Just days after mainland Antarctica tipped a record temperature of 18.3°C (64.9°F), there are fresh reports of yet another record in the region: a positively pleasant air temperature of 20.75°C (69.35°F), the hottest temperature ever recorded on land in Antarctica.
Brazilian scientists clocked the new record air temperature on Seymour Island in West Antarctica on February 9, 2020. Speaking to The Guardian, which first broke the news, Carlos Schaefer, a Brazilian government scientist who studies permafrost in Antarctica, described the new record as “incredible and abnormal”.
“We are seeing the warming trend in many of the sites we are monitoring, but we have never seen anything like this,” he added.
The numbers still need to be confirmed and double-checked by the World Meteorological Society (WMO) before it can be considered official. If correct, it will beat the previous record high temperature on non-mainland Antarctica of 19.8°C (67.64°F), which was taken on Signy Island in January 1982.
As mentioned, an unconfirmed new mainland record temperature of 18.3°C (64.9°F) was registered at the Argentine research base, Esperanza, on the northern tip of the Antarctic peninsula on February 6. This broke the previous high of 17.5°C (63.5°F) recorded on March 24, 2015.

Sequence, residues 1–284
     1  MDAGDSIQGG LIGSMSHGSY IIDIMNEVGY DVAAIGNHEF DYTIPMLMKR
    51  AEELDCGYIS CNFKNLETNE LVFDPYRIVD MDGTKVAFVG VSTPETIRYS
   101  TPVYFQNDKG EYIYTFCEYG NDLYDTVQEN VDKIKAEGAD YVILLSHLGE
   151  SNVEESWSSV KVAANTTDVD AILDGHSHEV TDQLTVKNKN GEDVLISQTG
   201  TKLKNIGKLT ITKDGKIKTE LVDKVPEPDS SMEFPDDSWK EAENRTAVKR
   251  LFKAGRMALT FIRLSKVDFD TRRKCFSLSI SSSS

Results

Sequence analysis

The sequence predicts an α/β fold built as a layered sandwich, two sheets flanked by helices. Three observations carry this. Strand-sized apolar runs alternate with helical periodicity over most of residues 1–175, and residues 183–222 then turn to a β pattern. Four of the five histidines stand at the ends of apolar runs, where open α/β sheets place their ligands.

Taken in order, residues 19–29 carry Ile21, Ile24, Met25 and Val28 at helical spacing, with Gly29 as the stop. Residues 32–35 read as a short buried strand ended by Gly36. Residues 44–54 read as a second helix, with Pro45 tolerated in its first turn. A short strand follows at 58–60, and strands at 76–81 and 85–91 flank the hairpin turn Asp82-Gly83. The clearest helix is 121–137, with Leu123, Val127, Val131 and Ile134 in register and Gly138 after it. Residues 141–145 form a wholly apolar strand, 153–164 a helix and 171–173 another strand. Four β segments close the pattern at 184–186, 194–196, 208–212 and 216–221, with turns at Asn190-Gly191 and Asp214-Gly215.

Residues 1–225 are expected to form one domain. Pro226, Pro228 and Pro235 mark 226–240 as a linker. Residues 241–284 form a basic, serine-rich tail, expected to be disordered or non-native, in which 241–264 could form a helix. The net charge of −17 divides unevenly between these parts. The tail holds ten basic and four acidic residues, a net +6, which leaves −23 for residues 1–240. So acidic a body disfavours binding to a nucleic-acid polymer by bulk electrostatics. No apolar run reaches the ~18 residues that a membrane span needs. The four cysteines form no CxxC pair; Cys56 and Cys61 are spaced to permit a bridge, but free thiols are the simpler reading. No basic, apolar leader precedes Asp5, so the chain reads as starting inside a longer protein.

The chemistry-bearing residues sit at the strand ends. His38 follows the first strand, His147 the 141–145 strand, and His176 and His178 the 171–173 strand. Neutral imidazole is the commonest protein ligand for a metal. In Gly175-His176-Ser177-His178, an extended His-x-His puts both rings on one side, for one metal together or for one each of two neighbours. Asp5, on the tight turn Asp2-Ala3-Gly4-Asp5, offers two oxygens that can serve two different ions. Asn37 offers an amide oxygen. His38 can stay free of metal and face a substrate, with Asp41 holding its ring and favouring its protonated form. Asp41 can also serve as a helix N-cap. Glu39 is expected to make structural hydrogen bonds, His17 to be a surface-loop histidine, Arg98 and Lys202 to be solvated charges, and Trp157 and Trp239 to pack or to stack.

Antarctica is a colossal container and has huge variations in temperatures across its geographical range. The average annual temperature ranges from about -10°C (-14°F) on the Antarctic coast to -60°C (-76°F) at the deepest points of its interior. These latest record-breakers were recorded on or around the Antarctic Peninsula, a strip of land that pokes out of the northernmost part of mainland Antarctica like a tail.
The new record should not be directly conflated with climate change, which should be understood as a long-term trend rather than a one-off data point. Speaking about record temperatures on mainland Antarctica this month, WMO Weather and Climate Extremes rapporteur Randall Cerveny explained: “The record appears to be likely associated (in the short term) with what we call a regional ‘foehn’ event over the area: a rapid warming of air coming down a slope/mountain. Verification of this maximum temperature record is important because it helps us to build up a picture of the weather and climate in one of Earth’s final frontiers.”
With that said, the wider trend of warming is clear to see in Antarctica and beyond. In July last year, a town in northern Sweden hit 34.8°C (94.6°F), achieving the nation’s highest temperature ever recorded within the Arctic Circle.
Last month was the warmest January ever recorded on Earth, registering both the highest global land and ocean surface temperatures since records began in 1880. The freakishly warm January 2020 was also off the back of a worryingly warm year, which was part of an exceptionally warm decade.